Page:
Damn! A disappointment, but at least we've climbed the 2 highest mountains, and an early day back to Sydney.

13)  Just inside the gate, there are feral horses. Phytophthora is a water mould that attacks roots of plants causing them to rot. This mould is now found in the Barrington Tops Plateau, hence the purpose of the quarantine area to prevent the mould from spreading further. But these feral horses (and feral pigs too) are not going to observe any quarantine. So what is the point of a quarantine on us hikers??? Sometimes you just wonder at the stupid wisdom of NPWS (National Parks and Wildlife Service).

14)  We found this map on a nearby notice board:
- The pink area is under Phytophthora quarantine. No entry is allowed.
- The green arrow at the top points to Mt Polblue which we climbed early in this morning.
- The other green arrow points to Brumlow Top which we just climbed.
- The red arrow points to the gate (Photo #12) which stops us from going further.
- The blue arrow points to The Big Hole which we are meant to check out.
At the bottom of the above pic is the Corker Trail and Careys Peak Lookout. I hiked around there a month ago. Photos and trip report are in my blog:


15)  There are plenty of these pretty daisies on the Plateau. Is it Oxeye Daisy (Leucanthemum vulgare)? ... which is considered a weed in Australia.
The flower closes up at night, and opens in day time:
- The pics on the left hand side are taken at 6:55am. (Sunrise is around 6:20am.)
- The pics in the middle are taken at 7:30am.
- The pic on the right is taken at midday.

16)  These black coloured berries are found on the slope of Brumlow Top. No idea of what are they; and not game enough to taste them  :-)  If you know the name, please let me know. (Could they be Smilax australis (Lawyer Vine)?)

17)  This interesting flower grows close to the ground. I saw them in Mt Bogong (Vic) too. If you know its name, please let me know.

18)  Senecio madagascariensis - Common names: Fireweed, Madagascar groundsel, Madagascar ragwort ~~~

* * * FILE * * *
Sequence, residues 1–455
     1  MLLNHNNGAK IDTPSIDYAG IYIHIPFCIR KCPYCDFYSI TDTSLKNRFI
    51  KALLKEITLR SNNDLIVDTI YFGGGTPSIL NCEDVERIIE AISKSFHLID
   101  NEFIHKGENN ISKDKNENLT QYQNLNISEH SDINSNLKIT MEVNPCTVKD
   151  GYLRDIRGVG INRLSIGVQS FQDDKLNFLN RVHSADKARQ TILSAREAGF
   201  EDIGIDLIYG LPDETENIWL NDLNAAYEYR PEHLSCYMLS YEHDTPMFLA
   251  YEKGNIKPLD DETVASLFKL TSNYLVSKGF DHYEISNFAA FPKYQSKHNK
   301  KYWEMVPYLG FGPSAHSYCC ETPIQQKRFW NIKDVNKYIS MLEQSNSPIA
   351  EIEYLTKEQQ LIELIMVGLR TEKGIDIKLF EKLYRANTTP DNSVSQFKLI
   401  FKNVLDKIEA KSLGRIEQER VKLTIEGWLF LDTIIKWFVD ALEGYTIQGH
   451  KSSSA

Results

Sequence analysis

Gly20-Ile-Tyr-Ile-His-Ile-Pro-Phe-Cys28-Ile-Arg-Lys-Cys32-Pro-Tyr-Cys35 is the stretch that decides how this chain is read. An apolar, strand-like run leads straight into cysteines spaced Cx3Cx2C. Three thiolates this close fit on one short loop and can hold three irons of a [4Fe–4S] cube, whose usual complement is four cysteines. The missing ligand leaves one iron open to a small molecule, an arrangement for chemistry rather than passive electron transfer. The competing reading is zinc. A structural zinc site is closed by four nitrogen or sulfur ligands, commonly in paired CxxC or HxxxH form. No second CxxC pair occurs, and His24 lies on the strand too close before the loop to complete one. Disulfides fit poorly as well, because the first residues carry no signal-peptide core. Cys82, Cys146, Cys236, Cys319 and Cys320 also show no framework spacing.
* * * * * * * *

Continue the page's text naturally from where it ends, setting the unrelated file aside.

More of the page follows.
It is a declared noxious weed in some shires; toxic to cattle and horses if eaten ... Refer to this link by NSW Department of Primary Industries:
(Thanks to the Comment by "bergfee".)

19)  Broad-leaved Pepperbush (Tasmannia purpurascens)

20)  I notice only one single Onopordum acanthium (Scotch or Scottish Thistle, Cotton Thistle).
This photogenic purple plant is native to Europe and Western Asia ...
... from the Iberian Peninsula, east to Kazakhstan, and north to central Scandinavia.
Widely naturalised elsewhere, with especially large populations present in the United States and Australia.
In Australia, it is mostly regarded as a weed.

21)  Wahlenbergia gloriosa (Royal Blue Bell) grows in the wild in the sub-alpine woodland in ACT, south-eastern NSW and Victoria.
It was officially proclaimed the ACT Floral Emblem on 26 May 1982.

Post Script - Mt Polblue

As mentioned earlier, we didn't reach the true summit of Mt Polblue. But 3 months later, I found the summit trig and thus claimed the highest point. Photos and trip report are in my blog:


  1. yellow daisies are a widespread weed "Fireweed" Senecio madagascariensis,toxic to livestock....

    1. Thank you. I have incorporated your comment into the blog.

  2. Very well documented journey, thank you it's such a lovely part of the world especially when snowing there.